The non-thesis plan consists of 30 credit hours of coursework. A student's plan of study must consist of no fewer than six courses form the Electrical and Computer Engineering Department.
Specialization Areas - for flexibility and focus
Students can complete the M.ECE Degree in EE with specializations in Signal and Systems, Computer Engineering or Robotics and Mechatronics Systems.
Specialization in Signals and Systems
The signals and systems specialization provides a background in digital signal and image processing, and control systems. The advent of high-speed specialized digital signal processor and FPGA integrated circuits has spurred rapid development in this area (cellular phones, software radios, CD and DVD players, and HDTV systems). The subsequent demand for specialists in this field has created excellent career opportunities. Students completing this program will have both the theoretical background and practical experience to design and develop quality products in this market.
Required courses for Signals and Systems Specialization
|ELEE 5880||Digital Signal Processing I||3 cr.|
|Digital Control Theory
Other courses may be substituted with permission of the advisor depending on prior preparation and offerings available.
Computer Engineering Specialization
The computer engineering specialization is a program focused on the design and development of embedded computer/control and wireless smart sensor systems. This focus uniquely addresses the needs of the Bioelectric, Wireless Communications, Multimedia, Aerospace and Automotive communities. The program seeks to provide students with the ability to design real-time distributed microcontroller-based systems. Career opportunities in this area are excellent.
Required courses for Computer Engineering Specialization
|ELEE 5086||Introduction to Microprocessors||3 cr.|
|ELEE 5087||Introduction to Microcontrollers Lab||1 cr.|
|ELEE 5770||Embedded Systems||3 cr.|
|ELEE 5790||Embedded Systems Laboratory||1 cr.|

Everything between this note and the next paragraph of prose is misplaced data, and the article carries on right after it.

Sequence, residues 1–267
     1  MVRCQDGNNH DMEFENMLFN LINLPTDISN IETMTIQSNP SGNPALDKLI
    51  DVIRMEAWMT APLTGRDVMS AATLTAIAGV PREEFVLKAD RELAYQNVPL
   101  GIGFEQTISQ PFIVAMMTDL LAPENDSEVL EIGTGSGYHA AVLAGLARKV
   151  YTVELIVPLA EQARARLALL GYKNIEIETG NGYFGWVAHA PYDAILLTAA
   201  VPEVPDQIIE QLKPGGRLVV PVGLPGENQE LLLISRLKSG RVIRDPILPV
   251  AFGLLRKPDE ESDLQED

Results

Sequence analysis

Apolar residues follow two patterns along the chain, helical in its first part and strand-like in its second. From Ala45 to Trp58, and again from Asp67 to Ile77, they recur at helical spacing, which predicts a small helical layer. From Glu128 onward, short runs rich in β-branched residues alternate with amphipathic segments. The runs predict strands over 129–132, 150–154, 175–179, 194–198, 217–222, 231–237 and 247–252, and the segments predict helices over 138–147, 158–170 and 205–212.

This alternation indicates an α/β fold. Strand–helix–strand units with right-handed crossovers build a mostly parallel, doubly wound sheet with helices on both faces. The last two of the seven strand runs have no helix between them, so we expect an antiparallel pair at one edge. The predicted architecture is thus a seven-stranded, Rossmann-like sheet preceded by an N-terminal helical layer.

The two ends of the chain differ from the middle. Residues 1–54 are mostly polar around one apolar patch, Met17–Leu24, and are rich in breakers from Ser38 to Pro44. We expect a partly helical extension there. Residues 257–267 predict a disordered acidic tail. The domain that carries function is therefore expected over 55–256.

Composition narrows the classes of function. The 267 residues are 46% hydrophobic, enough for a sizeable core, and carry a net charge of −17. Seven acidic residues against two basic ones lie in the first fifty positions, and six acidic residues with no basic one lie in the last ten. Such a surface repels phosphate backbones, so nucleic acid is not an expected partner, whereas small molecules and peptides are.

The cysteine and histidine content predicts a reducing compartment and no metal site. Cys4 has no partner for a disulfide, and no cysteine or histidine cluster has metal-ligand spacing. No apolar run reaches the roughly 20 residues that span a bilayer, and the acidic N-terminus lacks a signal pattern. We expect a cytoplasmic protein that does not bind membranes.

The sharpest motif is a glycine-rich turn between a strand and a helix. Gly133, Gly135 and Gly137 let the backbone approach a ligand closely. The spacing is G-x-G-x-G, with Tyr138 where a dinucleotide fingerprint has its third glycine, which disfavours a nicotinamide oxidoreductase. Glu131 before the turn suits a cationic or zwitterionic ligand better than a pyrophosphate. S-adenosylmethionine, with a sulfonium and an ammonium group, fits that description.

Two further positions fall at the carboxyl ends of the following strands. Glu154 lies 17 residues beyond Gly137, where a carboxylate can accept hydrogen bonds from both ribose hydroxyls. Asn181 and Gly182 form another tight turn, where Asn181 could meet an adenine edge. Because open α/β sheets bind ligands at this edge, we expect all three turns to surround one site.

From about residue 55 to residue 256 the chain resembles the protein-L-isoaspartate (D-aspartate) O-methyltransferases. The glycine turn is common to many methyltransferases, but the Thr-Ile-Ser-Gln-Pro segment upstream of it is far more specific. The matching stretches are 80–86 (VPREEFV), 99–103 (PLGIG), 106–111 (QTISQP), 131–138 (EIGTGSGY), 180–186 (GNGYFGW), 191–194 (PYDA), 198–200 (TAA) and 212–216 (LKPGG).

|ELEE 5800||Computer Organization & Architecture||3 cr.|
Other courses may be substituted with permission of the advisor or chairperson depending on the student's prior preparation.
Robotics and Mechatronics Specialization
Robotics, the combination of sensing, computation and actuation in the real world, is experiencing rapid growth. This growth is driven by the decreased cost and increased availability of advanced sensors, high-performance computing devices and actuators, and by national needs for defense and security, elder care, automation of household tasks, customized manufacturing, and interactive entertainment. The robotics specialization at UDM is structured to integrate three elements of robotics: Computation, Sensing, and Action. These three elements thus define the courses and projects as students explore Perception, Cognition, Control and Dynamics as well as experiential areas related to environment interaction such as Learning, Power Systems and Mechatronics (embedded systems, sensors and actuators).
Mechatronics Engineering is a modern discipline that transcends the boundaries between Embedded Systems, Electronics, Controls, Mechanisms, and Actuator design. Mechatronics Engineering is commonly defined as "The discipline that focuses on the design and control of electromechanical devices" or "the integration of electronics, control engineering and mechanical engineering." The faculty of the Electrical and Computer Engineering department, in cooperation with the Mechanical Engineering department, has designed an innovative world-class Robotics and Mechatronics Systems program that offers a balance of Electrical, Computer, Software, and Mechanical engineering content with a focus on Embedded Systems design and Computational Intelligence. Career opportunities can be found in the Aerospace, BioMedical, and Automotive fields among many others.
Required courses for Robotics Specialization
|ELEE 5086||Introduction to Microcontrollers||3 cr.|
|ELEE 5087||Introduction to Microcontrollers Lab||1 cr.|
|ENGR 5520||Real-Time Control Systems||3 cr.|
|ELEE 5200||Autonomous Mobility Robotics||3 cr.|
|ENGR 5790||Mechatronics: Modeling and Simulation||3 cr.|
Other courses may be substituted with permission of the advisor or Department Chairperson depending on prior preparation and offerings available.
Elective Courses for Master in ECE (M.ECE) can be selected from any ELEE 5000-level courses for all specializations. Other courses can be selected from ENGR, ENT, MTH, CSSE, MENG with advisor approval.
Program Contact Information
Chairperson: Mark Paulik
Telephone: (313) 993-1057
Associate Chair: Utayba Mohammad
Telephone: (313) 993-3364
Fax: (313) 993-1087